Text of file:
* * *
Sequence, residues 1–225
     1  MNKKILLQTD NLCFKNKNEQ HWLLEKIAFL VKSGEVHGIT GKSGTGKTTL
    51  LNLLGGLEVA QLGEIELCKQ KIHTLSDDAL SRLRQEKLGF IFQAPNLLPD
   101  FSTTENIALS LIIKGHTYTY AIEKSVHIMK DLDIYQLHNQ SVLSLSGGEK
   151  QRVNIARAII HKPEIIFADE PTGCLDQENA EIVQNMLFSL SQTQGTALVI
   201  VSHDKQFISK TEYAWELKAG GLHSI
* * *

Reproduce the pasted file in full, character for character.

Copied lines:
Sequence, residues 1–225
     1  MNKKILLQTD NLCFKNKNEQ HWLLEKIAFL VKSGEVHGIT GKSGTGKTTL
    51  LNLLGGLEVA QLGEIELCKQ KIHTLSDDAL SRLRQEKLGF IFQAPNLLPD
   101  FSTTENIALS LIIKGHTYTY AIEKSVHIMK DLDIYQLHNQ SVLSLSGGEK
   151  QRVNIARAII HKPEIIFADE PTGCLDQENA EIVQNMLFSL SQTQGTALVI
   201  VSHDKQFISK TEYAWELKAG GLHSI